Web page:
State Library of Victoria
The State Library of Victoria is the main library of the state of Victoria, Australia. The library is in the capital city of Victoria, Melbourne. It is on Swanston Street, in the northern centre of the central business district. The library holds over 1.5 million books and 16,000 serials. Special books in the library include the diaries of the city's founders, John Batman and John Pascoe Fawkner, and Captain James Cook.
History[change | change source]
In 1853 the decision to build a state library was the idea of the Lieutenant-Governor Charles La Trobe and Sir Redmond Barry. A competition was held to choose a person to design the new building; local architect Joseph Reed, who later designed the Melbourne Town Hall and the Royal Exhibition Building, won the competition.
On 3 July 1854, the new Governor, Sir Charles Hotham, laid the foundation stone of both the new library and the University of Melbourne. The library opened in 1856, with a collection of 3,800 books chosen by Sir Redmond, the President of Trustees. Augustus H. Tulk, the first librarian, was started work three months after the opening.
The first reading room was the Queen's Reading Room, now called Queen's Hall, which opened in 1859. Temporary buildings built in 1866 for the Intercolonial Exhibition were used until 1909, when work began on a new building to mark the library's Jubilee. This new building was the famous Domed Reading Room, which opened in 1913, designed by Norman G. Peebles.
Plans for the rebuilding were cut back as there was not enough money for the original design. A new building for the museum was built after World War 1, in a plain classical style.
The reading dome's original high windows were changed and covered in copper sheets in 1959 because water was getting into the building.
The library was also home to the State's Art Gallery and Museum until the National Gallery of Victoria moved to St Kilda Road in the late 1960s. The new Melbourne Museum was built in the Carlton Gardens in the 1990s.
The library underwent a lot of rebuilding between 1990 and 2004, designed by architects Ancher Mortlock & Woolley. The project cost about AU$200 million. The reading room closed in 1999 to allow for renovation, during which dome's windows were put back. The renamed La Trobe Reading Room reopened in 2003.
The rebuilt library includes a number of exhibition spaces which are used for the permanent exhibitions; The Mirror of the World: Books and Ideas and The Changing Face of Victoria. there is also a display from the Pictures Collection in the Cowen Gallery. The State Library of Victoria is one of the largest exhibiting libraries in the world.
Front lawn and statues[change | change source]
The grassy lawn in front of the library's grand entrance on Swanston Street is a popular lunch-spot for the city's workers and students at the nearby RMIT University. When the library was built, there was a wooden picket fence around the building. In the 1870's a new wrought iron fence and gates were built. The space was opened when this fence was taken away in 1939.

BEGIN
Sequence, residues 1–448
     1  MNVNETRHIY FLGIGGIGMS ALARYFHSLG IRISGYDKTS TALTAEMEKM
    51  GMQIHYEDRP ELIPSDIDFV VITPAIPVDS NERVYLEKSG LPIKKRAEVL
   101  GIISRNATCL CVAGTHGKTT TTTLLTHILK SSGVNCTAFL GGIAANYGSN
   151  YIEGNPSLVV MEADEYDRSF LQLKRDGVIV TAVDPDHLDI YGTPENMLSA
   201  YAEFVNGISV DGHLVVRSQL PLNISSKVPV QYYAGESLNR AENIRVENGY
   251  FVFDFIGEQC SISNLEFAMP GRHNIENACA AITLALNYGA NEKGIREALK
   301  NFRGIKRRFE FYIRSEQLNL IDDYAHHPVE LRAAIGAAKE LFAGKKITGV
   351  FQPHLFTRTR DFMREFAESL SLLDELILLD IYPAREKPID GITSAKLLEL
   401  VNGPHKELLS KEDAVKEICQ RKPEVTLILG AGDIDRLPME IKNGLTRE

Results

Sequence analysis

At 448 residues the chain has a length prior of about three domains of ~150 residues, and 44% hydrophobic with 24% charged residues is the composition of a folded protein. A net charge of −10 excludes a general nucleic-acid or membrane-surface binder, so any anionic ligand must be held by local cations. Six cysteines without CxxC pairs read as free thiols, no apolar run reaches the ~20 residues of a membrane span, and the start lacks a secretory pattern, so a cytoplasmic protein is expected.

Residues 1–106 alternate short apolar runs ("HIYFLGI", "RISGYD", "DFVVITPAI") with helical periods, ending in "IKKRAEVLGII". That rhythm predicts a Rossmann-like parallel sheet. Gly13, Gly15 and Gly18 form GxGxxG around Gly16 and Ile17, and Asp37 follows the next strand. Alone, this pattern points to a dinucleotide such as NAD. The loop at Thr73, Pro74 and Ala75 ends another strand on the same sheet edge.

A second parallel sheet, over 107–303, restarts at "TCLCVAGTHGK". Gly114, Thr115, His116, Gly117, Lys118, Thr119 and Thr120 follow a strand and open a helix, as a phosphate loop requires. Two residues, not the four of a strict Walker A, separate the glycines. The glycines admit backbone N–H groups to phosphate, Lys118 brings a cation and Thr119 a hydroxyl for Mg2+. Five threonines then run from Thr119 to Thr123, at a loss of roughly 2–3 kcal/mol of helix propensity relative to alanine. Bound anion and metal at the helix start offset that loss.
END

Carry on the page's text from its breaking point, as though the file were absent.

A number of statues are in the entrance area:
- A pair of bronze lions were at the front from the 1860s until 1937
- Statues of Sir Redmond Barry, designed by James Gilbert and built by Percival Ball, put up in 1887.
- Saint George and the Dragon, by the English sculptor Sir Joseph Edgar Boehm, put up in 1889
- Jeanne d'Arc, a copy of the statue by French sculptor Emmanuel Frémiet, put up in 1907.
- Charles La Trobe, by Australian sculptor Peter Corlett, put up in 2006.
On Sundays between 2.30pm and 5.30pm a speakers' forum takes place in front of the library, where people take turns in speaking on various subjects.
Rooms[change | change source]
Reading Room and Dome[change | change source]
The landmark Domed Reading Room, which opened in 1913 and was designed by Norman G. Peebles. Its octagonal space was designed to hold over a million books and up to 500 readers. It is 34.75 m in both diameter and height, and its oculus is nearly 5 m wide. The dome was the largest of its type in the world on completion.
In 1965, the La Trobe Building was opened to hold the Library's collection of Australian items. This has now been moved into the La Trobe Reading Room.
Arts Library[change | change source]
The library has a large, world-class collection of books, periodicals, recordings and other materials about art, music and the performing arts.
Chess room[change | change source]
The library has a chess room that houses a wide range of materials on the history, study and practice of chess. It contains a collection of items from the Anderson Chess Collection, one of the three largest public chess collections in the world. In addition to bookshelves containing a large range of books and magazines about chess, the room has game tables with chessboards and pieces. There are also glass cabinets with historical chess items. The room is meant for both reading, playing and studying.
Collections[change | change source]
Databases[change | change source]
Many of the library's electronic databases can be used from home to any Victorian who is a State Library User. Databases include the full Encyclopaedia Britannica; Oxford Reference dictionaries and encyclopaedias; multi-subject magazine and journal article databases; newspaper collections of most major Australian and international papers from 2000 onwards; and specialist subject databases.
References[change | change source]
- "State Library of Victoria". Libraries. National Library of Australia. http://www.nla.gov.au/apps/libraries?action=OrgDetails&id=6295. Retrieved 2008-10-21.
- State Library Victoria at Google Cultural Institute
Other websites[change | change source]
|Wikimedia Commons has media related to: State Library of Victoria|